Northern Ireland news

'No items recovered' in ongoing Fermanagh security alert

THE PSNI have denied that parts of the Fermanagh/Cavan border are a "no-go area" for officers on the ground.

Over a mile of the Wattlebridge Road was closed on both sides of the border for the fourth day in a row yesterday, following claims by the Continuity IRA that shots were fired at a police helicopter.

A bomb warning was initially issued on Wednesday January 13, but it was the following Tuesday before officers closed the road to conduct a search of the area.

The CIRA issued a statement claiming it had fired nine shots at a low-flying police helicopter, using a Russian Dragunov assault rifle, on Thursday January 14.

Police denied that a police helicopter was shot at, although a private helicopter was in the area.

The PSNI's South Area Commander, Chief Superintendent Andy Freeburn, said: “I can confirm that the police service helicopter was not deployed in the Wattlebridge area at any time on Thursday, 14th January.

"A fixed wing aircraft was deployed to conduct searches on this date. Following extensive enquiries we have established that a private helicopter was travelling through the area on Thursday."

On Sunday evening the CIRA claimed it had planted a hoax device to lure officers into the area, stating: "The hoax is still behind a bus shelter at the Cavan/Clones crossroads. The PSNI crown forces have yet to come back into the area since the helicopter attack, sending helicopters and planes to the area.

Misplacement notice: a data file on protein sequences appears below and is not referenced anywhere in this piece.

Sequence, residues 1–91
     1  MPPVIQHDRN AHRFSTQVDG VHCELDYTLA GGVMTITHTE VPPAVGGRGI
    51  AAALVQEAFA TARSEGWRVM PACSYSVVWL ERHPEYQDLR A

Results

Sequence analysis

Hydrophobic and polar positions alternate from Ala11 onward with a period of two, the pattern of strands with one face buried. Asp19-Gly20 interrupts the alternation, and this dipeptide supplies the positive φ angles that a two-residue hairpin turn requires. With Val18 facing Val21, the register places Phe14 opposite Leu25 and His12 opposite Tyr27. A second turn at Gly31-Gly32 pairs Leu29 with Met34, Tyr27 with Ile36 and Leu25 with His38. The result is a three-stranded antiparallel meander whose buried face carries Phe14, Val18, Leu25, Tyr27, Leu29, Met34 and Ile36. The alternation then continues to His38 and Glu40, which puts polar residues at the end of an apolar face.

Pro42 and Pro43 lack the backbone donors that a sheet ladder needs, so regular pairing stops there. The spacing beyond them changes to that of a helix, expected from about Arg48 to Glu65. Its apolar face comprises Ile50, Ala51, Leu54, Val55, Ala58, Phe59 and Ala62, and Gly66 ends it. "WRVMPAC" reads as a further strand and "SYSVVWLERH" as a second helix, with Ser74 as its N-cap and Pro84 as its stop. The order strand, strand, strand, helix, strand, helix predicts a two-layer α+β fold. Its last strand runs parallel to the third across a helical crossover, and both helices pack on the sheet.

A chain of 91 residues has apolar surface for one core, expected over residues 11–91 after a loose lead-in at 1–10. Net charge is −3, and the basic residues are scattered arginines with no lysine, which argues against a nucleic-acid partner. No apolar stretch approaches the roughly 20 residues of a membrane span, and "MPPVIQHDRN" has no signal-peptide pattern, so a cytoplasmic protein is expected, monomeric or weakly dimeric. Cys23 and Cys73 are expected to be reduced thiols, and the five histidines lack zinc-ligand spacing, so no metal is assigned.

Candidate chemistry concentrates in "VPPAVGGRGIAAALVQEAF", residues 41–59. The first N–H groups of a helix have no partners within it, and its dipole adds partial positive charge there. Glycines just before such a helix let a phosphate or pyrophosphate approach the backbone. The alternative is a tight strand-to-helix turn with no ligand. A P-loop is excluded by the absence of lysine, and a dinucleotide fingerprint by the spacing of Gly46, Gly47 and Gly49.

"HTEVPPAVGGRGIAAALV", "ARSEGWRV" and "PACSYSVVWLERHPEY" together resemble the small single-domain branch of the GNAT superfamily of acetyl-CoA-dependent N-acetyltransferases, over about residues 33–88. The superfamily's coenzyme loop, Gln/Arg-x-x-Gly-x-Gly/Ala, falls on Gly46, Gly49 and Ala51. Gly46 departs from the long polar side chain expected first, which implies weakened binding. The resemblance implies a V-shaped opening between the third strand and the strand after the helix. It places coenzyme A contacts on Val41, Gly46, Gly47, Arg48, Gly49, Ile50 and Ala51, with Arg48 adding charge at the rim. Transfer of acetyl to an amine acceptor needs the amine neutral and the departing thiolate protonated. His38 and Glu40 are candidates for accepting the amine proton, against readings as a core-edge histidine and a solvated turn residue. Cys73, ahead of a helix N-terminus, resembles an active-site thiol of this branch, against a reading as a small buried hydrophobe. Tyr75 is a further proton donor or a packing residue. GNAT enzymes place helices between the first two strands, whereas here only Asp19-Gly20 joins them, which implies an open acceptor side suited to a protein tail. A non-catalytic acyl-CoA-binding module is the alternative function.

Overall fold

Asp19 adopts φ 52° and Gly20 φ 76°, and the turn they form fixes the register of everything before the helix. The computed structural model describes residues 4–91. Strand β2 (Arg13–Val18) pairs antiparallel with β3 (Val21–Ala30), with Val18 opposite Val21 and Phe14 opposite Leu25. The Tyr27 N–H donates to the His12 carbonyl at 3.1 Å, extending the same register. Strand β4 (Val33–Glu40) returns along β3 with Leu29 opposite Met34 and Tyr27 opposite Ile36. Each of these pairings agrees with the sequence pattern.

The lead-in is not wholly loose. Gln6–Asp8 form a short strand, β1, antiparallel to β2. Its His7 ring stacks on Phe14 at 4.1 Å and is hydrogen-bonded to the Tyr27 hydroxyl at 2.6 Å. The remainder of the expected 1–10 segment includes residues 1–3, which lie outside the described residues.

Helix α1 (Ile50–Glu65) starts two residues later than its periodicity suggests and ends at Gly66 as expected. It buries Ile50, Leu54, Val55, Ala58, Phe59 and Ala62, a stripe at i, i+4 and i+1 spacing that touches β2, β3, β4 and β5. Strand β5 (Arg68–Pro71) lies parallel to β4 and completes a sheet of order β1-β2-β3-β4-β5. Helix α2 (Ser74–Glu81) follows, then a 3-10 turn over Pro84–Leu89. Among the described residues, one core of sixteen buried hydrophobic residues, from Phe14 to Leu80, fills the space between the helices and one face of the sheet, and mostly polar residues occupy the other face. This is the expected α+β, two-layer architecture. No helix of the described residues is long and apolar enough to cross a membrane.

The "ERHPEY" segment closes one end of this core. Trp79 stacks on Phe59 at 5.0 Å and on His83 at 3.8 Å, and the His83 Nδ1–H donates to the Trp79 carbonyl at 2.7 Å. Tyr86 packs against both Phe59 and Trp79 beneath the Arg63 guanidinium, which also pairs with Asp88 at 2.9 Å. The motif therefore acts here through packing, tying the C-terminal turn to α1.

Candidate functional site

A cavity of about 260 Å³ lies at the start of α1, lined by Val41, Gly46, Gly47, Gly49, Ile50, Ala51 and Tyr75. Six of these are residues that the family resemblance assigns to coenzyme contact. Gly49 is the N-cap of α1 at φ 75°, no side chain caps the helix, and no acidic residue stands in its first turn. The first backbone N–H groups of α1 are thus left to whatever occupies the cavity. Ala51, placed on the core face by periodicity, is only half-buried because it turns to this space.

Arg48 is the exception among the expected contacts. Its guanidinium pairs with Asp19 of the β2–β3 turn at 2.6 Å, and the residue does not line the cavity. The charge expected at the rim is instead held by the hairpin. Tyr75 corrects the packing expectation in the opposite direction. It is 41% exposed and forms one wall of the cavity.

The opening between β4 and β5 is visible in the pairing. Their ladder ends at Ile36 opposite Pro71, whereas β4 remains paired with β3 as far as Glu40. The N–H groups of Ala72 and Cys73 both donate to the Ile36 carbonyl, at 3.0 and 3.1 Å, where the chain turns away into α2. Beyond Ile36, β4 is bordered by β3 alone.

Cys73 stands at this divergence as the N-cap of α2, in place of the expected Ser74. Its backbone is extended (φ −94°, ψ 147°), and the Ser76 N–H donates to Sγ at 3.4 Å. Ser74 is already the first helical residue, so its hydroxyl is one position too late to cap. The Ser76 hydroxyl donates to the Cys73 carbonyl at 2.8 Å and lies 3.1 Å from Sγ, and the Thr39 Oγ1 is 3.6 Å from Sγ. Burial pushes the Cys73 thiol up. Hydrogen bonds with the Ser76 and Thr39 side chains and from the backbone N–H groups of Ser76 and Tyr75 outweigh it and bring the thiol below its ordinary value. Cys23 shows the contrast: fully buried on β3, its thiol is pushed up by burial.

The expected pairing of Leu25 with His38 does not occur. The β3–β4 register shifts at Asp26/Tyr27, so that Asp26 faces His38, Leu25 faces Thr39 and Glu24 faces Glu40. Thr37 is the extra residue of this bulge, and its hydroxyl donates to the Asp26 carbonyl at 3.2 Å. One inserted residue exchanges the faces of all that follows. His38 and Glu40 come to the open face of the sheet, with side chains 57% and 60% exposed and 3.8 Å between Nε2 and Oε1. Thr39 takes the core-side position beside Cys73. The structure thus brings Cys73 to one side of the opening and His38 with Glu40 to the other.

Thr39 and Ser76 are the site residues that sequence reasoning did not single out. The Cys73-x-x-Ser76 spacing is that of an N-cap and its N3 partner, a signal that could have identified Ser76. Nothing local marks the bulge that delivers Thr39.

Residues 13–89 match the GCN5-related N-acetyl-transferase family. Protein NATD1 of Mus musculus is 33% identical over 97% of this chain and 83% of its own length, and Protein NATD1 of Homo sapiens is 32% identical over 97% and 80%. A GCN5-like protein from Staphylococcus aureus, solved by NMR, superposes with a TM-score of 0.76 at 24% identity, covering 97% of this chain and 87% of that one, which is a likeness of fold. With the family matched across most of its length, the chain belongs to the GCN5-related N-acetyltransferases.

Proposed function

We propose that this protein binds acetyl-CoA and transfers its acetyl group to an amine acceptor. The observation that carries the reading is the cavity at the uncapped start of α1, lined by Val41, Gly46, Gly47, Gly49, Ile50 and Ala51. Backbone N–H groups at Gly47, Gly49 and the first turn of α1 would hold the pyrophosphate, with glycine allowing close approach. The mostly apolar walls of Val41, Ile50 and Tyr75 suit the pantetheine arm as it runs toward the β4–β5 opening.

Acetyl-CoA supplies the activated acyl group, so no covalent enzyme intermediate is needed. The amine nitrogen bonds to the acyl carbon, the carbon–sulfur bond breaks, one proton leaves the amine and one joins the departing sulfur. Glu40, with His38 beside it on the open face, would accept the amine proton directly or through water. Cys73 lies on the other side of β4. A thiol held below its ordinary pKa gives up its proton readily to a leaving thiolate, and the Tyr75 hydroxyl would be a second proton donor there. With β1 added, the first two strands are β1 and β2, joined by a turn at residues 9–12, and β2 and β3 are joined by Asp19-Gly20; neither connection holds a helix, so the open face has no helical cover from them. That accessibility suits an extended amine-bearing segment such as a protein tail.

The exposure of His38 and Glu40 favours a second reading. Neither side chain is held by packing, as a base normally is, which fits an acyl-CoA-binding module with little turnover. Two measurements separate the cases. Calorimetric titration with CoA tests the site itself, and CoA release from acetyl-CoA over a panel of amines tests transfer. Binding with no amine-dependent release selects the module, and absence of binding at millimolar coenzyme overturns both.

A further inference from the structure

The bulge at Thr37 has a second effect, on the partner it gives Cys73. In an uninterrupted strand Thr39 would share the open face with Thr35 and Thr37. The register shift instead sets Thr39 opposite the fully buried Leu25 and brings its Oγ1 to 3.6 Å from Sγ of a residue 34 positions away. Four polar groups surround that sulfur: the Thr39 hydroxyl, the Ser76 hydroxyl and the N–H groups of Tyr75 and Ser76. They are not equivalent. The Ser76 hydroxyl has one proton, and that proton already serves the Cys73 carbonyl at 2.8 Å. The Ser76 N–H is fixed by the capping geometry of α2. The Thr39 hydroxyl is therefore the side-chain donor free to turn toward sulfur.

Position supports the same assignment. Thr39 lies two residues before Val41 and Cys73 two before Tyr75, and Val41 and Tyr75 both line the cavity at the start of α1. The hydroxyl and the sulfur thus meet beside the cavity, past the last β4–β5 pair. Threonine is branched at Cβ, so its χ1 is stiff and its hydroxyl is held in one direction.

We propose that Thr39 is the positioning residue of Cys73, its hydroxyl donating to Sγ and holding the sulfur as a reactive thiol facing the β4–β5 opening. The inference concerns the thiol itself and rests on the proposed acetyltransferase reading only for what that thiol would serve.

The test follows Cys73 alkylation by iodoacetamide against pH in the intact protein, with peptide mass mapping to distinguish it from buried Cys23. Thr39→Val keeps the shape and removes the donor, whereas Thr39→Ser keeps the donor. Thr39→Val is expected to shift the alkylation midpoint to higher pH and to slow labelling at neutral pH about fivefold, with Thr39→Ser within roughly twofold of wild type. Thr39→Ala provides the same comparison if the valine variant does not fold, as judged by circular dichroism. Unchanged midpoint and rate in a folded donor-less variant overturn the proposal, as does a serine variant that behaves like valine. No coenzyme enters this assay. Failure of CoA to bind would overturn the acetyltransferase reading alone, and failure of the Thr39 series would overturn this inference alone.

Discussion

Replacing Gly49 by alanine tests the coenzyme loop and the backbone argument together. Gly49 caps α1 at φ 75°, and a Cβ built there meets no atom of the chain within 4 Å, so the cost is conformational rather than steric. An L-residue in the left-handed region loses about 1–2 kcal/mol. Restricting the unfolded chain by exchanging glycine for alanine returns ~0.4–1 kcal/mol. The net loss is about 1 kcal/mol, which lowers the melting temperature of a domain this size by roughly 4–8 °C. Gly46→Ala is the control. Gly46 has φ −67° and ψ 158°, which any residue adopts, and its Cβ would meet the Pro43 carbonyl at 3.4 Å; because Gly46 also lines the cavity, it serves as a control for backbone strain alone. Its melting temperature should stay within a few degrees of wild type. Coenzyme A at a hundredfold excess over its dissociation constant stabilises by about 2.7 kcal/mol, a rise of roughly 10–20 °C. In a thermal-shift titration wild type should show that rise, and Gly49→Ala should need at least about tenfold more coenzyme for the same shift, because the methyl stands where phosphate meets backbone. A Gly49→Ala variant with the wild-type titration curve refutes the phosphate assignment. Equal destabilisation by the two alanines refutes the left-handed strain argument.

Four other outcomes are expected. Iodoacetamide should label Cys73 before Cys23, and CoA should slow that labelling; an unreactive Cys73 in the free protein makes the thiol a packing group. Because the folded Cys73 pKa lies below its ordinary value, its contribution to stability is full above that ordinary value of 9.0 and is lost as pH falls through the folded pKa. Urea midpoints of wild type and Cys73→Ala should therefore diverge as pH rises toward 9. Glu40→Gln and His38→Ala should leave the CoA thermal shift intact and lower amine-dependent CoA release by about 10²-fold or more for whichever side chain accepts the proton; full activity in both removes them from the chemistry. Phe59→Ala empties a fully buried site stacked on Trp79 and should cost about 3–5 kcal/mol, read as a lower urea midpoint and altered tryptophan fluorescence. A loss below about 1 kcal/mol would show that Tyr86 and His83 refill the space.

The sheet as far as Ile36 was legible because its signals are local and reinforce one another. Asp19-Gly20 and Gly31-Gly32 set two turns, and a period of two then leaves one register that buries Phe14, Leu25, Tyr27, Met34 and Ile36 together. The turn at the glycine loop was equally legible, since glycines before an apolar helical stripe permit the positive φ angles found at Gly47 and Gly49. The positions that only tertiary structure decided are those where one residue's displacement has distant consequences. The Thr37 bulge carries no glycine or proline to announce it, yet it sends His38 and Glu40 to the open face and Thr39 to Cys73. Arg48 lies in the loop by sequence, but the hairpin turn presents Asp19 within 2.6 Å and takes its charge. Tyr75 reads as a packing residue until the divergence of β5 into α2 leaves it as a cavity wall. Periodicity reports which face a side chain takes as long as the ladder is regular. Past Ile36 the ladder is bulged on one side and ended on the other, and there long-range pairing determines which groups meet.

"If they were to go to the Drumcrin Road they will find the spent bullet casings from the attack on a layby."

The statement went on to give specific details of the location of the shooting and warned of further attacks.

Despite this the road remained open to the public until Tuesday when in a joint PSNI/ Garda Síochána operation, around a mile of the rural border route was closed to traffic.

A police spokesperson said last night: "The search operation in the Wattlebridge Road area is ongoing. At this point no items have been recovered."

Denying there were parts of the border that were deemed unsafe to police on foot, a spokesperson added: "There are no areas which are ‘too dangerous' to police.

"This is a complex and challenging operation and we have a duty to ensure that all safety and operational requirements are met.

"There is no doubt that this takes time but it is necessary."

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